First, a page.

But succeed he did. The only cost being his humanity and sanity.
Not only did he usurp the portfolio he needed from Hazlia, but further sundered his consciousness into a host of vessels, coldly reasoning that as a council he would be harder to corrupt and be afforded a better chance of spotting his own corruption. Thus was the Scholae born.
For years, even decades, this plan worked. The Scholae used the knowledge Platon had discovered and their newfound divine mantle to guide the City States into a golden age of discovery and prosperity. The City States thrived under the controlled supervision of the patron gods they installed. Their mere presence siphoning away the corrupting power of worship from him and safely drained to create Phlogiston, the incredible energy source he used to power the awesome machinery that the City States had developed under his guidance. In time the Scholae replicated itself, a copy of it having been installed in the Lyceum of every City State.
In time though, the price paid for his divinity and haste with which he moved came back to haunt him. His traumatized mind should never have been invested into new vessels, especially ones chosen for their availability rather than their compatibility. Madness slowly seeped into the councils, and with it, chaos. Contradicting orders, abandoned projects and the inhuman expectations of his followers mounted on each other. This process was particularly pronounced in those city states that had received a second generation Scholae, as the recompilation made the errors more pronounced.
Madness and paranoia crept into the halls of the Lyceum, with facets of the Scholae suspecting each other of corruption and turning on each other. With each death, the Scholae fragmented further, losing critical knowledge and information required to continue running the city. It took only a few short decades for chaos to overwhelm most of the City States.
In some, namely Leutria, Eubron and Laurion, the mobs broke into the Lyceum and, horrified by what they encountered, purged the Acropolis, and established fledgling democracies that sought to fully integrate every member of the cities’ society into governance. These cities even opened their doors to the few Bred refugees and slaves that had managed to escape the fall of the Old Dominion, granting them equal rights and a voice in the governance of the city, in principle at least.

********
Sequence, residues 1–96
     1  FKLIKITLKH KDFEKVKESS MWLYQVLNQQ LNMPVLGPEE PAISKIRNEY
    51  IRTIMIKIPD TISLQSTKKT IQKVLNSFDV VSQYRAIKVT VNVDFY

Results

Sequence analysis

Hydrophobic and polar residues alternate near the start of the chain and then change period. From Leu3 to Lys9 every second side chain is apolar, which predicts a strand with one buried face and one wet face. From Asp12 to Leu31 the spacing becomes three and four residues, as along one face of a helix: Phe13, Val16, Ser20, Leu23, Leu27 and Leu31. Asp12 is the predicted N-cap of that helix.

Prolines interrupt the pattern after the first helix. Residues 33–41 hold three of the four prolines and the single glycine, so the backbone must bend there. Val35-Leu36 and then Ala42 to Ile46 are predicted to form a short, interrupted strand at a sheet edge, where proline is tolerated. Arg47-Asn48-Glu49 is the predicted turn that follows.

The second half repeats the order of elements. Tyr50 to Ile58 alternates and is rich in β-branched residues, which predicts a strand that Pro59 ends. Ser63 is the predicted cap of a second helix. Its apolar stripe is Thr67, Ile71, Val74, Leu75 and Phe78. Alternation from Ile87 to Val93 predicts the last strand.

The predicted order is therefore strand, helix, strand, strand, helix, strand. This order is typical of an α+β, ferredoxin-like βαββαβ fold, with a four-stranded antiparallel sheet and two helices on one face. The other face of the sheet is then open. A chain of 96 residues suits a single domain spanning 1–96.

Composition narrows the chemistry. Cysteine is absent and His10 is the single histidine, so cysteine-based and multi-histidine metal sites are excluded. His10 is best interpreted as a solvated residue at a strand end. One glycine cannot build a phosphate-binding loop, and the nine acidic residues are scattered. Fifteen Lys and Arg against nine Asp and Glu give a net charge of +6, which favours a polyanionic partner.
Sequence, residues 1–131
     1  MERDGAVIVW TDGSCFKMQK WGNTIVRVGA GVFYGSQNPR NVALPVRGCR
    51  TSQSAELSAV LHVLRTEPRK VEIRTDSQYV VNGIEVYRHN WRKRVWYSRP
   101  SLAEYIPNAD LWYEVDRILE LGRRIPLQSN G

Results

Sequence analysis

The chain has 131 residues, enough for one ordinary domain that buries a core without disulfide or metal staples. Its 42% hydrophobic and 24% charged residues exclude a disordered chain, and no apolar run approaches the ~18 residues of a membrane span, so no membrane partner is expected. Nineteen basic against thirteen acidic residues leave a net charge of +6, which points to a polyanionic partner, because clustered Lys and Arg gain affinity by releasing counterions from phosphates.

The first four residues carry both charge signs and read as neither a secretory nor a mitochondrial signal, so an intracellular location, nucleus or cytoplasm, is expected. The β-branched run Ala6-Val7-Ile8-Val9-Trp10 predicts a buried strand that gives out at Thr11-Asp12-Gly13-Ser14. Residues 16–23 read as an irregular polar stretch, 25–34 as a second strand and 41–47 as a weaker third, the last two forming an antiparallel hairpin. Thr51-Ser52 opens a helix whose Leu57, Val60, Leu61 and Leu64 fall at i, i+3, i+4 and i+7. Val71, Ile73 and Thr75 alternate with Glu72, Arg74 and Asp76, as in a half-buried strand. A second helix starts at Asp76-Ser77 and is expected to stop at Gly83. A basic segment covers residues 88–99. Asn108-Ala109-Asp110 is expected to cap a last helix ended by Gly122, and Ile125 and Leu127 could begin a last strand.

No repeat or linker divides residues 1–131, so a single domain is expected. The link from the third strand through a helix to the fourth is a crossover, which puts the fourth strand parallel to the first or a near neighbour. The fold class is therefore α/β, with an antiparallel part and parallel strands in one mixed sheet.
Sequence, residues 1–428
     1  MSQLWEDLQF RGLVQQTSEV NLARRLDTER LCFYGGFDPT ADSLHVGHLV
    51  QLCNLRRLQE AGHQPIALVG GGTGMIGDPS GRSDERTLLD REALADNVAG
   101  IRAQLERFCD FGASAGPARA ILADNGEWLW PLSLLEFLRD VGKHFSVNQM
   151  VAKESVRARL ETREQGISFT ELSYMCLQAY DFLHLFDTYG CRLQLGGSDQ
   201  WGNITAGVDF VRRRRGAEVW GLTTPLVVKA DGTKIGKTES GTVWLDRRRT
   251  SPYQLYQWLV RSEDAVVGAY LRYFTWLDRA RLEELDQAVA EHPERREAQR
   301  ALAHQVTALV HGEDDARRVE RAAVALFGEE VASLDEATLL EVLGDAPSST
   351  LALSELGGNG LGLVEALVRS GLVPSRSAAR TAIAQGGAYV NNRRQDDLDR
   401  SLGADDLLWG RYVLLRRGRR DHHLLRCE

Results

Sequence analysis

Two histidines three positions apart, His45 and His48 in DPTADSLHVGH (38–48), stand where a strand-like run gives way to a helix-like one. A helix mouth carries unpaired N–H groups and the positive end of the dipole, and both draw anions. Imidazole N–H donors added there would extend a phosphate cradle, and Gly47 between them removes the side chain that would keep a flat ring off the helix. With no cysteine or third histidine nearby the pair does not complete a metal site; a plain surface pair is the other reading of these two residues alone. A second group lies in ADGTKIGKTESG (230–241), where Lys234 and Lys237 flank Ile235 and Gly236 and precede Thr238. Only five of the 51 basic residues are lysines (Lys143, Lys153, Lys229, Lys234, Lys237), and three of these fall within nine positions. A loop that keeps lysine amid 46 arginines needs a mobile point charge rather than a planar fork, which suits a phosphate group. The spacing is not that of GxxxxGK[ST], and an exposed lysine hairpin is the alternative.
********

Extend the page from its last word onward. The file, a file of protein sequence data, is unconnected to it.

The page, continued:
In others, the rising frustrations of the populace turned to prayer and the weakened Scholae were unable to contain the nascent power of the patron gods. In Acheron, Tauria and Lycaon, the patron gods, awakened from their slumber to witness the truth of their own incarceration and exploitation, these nascent gods stopped only to slaughter their captors before taking command of their Cities. These cities thrive under the power and watchful gaze of their gods. With every facet of life closely aligned with the gods’ visions, their grace and blessings flow freely, but dissent is ruthlessly suppressed.
Only Helias, Rhodea and Pallas managed to avoid this fate. Here the Scholae managed to fend off the incipient madness, quarantining and sectioning off those segments of themselves that had become corrupted, staving off the growing madness. In Rhodea this manifests in the grandiose megalomania of the cities’ projects and workshops while Helias’ fixation on development and wealth have driven it to heartless extremes. Today only Pallas stands as a beacon to the vision of what the City States were meant to be.